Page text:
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Answers to Even Problems for Thomas Pugel, International Economics Text (14th Edition)


Chapter 3

Why Everybody Trades: Comparative Advantage

Suggested answers to questions and problems

(in the textbook)

2. Agree. Imports permit the country to consume more (or do more capital investment using imported capital goods). Anything that is exported is not available for domestic consumption (or capital investment). Although this loss is bad, exports are like a necessary evil because exports are how the country pays for the imports that it wants.

4. If the countries trade with each other at the relative price of 1 W/C, then shifting only half way to complete specialization in production would be worse for each country than shifting to complete specialization. If the United States shifted only half way, then its new “trade line” would be parallel to the trade line shown in Figure 3.1, and it would start from the point on the ppc that is half way between S0 and S1. While this new trade line would allow the United States to consume at a point that had more consumption than at the initial S0, the United States could do even better by shifting production all the way to points S1 and consuming along the trade line shown in Figure 3.1. Consuming at a point like C would have even more consumption than consuming at a point on the new “half-way” trade line. Essentially the same reasoning can be used for the rest of the world, for a new trade line that is parallel to the rest of the world’s trade line shown in Figure 3.1, but that begins at a point on the rest of the world’s ppc that is half way between S0 and S1.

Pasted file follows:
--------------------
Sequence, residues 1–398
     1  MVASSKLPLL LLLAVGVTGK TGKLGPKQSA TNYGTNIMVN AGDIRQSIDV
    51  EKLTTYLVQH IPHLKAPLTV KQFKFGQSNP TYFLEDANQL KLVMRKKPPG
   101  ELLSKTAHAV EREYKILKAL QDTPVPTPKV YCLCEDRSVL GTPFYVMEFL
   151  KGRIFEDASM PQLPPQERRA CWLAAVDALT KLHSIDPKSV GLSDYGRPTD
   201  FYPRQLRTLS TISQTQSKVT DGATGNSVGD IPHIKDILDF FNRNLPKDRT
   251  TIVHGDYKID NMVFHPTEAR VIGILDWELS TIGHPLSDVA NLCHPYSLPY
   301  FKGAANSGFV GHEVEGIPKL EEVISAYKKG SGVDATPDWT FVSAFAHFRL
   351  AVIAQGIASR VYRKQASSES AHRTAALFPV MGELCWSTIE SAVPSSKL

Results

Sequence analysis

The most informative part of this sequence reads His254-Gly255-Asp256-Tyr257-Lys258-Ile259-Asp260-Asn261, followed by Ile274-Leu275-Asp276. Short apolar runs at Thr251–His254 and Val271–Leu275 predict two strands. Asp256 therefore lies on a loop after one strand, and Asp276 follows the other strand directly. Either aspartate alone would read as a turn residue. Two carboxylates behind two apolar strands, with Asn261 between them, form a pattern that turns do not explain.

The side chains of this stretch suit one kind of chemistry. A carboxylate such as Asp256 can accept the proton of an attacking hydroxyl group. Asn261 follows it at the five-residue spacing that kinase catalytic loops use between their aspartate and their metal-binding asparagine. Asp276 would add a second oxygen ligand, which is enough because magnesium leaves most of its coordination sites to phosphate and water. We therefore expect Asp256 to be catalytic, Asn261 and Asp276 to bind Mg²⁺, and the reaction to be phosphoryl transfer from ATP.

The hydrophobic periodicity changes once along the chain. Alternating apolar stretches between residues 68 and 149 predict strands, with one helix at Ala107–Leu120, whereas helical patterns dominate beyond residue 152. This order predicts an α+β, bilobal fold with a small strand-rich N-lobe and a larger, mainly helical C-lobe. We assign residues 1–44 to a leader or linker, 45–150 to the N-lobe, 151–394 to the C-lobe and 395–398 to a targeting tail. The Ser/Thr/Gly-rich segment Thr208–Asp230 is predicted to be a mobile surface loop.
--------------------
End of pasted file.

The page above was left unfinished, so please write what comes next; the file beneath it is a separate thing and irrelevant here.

6. Using the information on the number of labor hours to make a unit of each product in each country, you can determine the relative price of cloth in each country with no trade. With no trade, the relative price of cloth is 2 W/C (= 4/2) in the United States, and it is 0.4 W/C (= 1/2.5) in the rest of the world. With free...